While we often think we're being persecuted for our faith in America, pastor Saeed Abedini knows the terribly real thing. He has been unjustly imprisoned in Iran, beaten and tortured. But according to his wife, God is upholding him in powerful ways. During this special edition of "BreakPoint This Week," you'll get the latest update from Mrs. Abedini and legal expert Tiffany Barrans, and you'll also find out what you can do to help end this horrific miscarriage of justice and violation of religious liberty.
Over the last several months you've likely heard of the situation of Saeed Abedini, a U.S. citizen, Christian pastor, husband and father who, since September 2012, has been held in one of the most notorious prisons in Iran for his charitable work in that country and legal exercise of his religious liberty.
Saeed Abedini with his wife, Naghmeh and two children.
On July 28, 2012, Saeed, who is a dual citizen of the United States and Iran, was visiting his family in Tehran and finalizing the board members for an orphanage he helped spearhead in Northwest Iran. During this trip, the Iranian Revolutionary Guard unexpectedly detained Saeed, alleging that he had committed crimes against the security of Iran. After a period of intense interrogations, Saeed was relegated to house arrest and instructed to await court summons. On September 26, rather than that summons, members of the Revolutionary Guard raided his family's Tehran home and took Saeed into custody. Four days later, his family was informed of his whereabouts: he was being kept in solitary confinement at Evin Prison, one of the most notoriously vicious facilities in Iran.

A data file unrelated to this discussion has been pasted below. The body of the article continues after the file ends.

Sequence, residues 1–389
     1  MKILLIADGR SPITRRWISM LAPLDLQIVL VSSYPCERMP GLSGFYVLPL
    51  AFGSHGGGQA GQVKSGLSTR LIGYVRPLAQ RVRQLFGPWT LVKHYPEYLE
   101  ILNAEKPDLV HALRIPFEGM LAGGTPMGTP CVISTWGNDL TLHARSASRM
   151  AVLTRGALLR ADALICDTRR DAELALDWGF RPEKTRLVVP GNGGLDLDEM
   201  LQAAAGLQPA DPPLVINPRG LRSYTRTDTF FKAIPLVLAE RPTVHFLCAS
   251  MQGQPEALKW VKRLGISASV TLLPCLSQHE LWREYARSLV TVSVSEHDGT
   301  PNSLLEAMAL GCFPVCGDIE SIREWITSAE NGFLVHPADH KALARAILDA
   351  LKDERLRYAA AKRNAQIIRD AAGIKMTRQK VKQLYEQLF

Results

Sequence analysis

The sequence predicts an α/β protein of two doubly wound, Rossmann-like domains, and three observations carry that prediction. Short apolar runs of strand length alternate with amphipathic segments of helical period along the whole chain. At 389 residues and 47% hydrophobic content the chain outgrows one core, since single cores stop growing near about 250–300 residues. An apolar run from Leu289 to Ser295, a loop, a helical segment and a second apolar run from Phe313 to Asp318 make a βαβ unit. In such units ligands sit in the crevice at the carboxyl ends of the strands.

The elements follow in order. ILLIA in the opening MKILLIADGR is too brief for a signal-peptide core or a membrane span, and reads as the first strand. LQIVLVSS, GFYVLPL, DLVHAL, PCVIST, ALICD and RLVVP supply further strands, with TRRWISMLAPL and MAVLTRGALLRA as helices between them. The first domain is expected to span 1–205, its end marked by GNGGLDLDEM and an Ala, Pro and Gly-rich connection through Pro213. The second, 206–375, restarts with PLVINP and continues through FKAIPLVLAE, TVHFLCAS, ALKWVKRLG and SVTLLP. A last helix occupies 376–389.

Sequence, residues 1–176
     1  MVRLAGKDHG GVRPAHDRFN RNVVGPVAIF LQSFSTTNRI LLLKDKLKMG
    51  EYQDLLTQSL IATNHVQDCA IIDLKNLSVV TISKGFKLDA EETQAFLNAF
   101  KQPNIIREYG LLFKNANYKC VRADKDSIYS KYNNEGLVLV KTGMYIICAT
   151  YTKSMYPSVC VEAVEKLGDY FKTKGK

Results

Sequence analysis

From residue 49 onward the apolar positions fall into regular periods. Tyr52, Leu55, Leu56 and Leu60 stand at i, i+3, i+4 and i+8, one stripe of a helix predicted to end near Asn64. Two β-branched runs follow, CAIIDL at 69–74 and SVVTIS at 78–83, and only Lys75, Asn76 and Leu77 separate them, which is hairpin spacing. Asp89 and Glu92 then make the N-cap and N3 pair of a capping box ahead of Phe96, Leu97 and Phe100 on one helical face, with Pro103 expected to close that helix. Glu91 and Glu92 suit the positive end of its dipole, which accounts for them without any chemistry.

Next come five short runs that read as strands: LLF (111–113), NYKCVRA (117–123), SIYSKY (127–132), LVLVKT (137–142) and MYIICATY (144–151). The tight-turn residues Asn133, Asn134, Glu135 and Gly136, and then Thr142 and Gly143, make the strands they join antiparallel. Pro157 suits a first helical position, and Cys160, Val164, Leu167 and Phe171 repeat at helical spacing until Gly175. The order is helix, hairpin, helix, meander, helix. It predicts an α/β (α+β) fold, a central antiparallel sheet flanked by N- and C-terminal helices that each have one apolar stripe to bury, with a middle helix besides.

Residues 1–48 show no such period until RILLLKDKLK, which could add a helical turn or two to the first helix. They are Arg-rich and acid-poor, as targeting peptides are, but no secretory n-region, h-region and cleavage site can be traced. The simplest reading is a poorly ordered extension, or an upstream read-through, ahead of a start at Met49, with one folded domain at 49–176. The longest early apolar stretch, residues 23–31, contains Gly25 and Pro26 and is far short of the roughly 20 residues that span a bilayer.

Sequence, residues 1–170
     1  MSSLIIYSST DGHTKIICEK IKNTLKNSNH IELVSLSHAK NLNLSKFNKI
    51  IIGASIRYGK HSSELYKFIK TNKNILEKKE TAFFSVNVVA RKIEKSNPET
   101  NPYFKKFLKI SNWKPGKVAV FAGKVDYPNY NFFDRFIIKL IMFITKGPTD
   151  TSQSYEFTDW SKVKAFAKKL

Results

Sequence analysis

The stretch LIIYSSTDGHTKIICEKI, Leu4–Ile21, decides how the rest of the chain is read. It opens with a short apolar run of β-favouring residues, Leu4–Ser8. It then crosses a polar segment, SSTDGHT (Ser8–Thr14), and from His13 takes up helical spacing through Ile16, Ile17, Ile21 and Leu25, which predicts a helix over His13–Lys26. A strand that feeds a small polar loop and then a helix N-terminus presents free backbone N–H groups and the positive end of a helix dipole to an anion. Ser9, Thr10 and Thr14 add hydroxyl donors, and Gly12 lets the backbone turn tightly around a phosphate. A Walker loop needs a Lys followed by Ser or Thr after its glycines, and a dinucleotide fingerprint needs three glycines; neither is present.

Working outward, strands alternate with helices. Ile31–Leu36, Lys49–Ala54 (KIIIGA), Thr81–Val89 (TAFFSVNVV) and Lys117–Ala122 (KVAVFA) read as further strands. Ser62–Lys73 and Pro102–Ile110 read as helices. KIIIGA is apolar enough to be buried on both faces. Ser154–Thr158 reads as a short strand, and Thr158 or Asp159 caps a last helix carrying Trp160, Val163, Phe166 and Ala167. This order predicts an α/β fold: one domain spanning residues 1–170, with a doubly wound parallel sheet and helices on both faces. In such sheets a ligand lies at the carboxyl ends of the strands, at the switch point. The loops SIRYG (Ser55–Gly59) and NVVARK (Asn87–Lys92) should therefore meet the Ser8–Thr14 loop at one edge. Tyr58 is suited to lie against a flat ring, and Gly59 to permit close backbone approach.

After four weeks in solitary confinement interrupted only by abusive interrogations, Saeed was informed by an Iranian prosecutor that he would face charges for trying to undermine the government through his conversion from Islam to Christianity, and his subsequent ministry, which included starting a network of house churches, working with a foreign Christian television network, and conducting Christian conferences and leadership trainings outside of Iran. All of this, notes American Center for Law and Justice attorney Tiffany Barrans, was done in accordance with the laws of Iran at the time, and should not merit charges.
According to Saeed's wife, Naghmeh Abedini, who has been in limited contact with her husband since he was imprisoned, Saeed has endured beatings and threats of death for his Christian faith in the intervening months. "[I am] told I will hang for my faith in Jesus," writes Saeed in a letter to his Naghmeh. According to Barrans, who serves as International Legal Director at ACLJ, and has dealt with similar cases, Saeed's assigned judge, Pir-Abassi of the Tehran Revolutionary Court, is a notorious offender against human rights, and has presided over numerous unfair trials and even sentenced human rights activists to death. He is known in Iran as "the hanging judge."
Denied access to his attorney until less than a day before his trial, Saeed appeared before Judge Pir-Abassi on January 21, 2013 to offer his defense. Despite repeated overtures from Iranian officials that Saeed's family could secure his release on bail, the request continually met with denial. Most shockingly, a court administrator threatened a close friend of the Abedini family who was assisting in them in securing bail.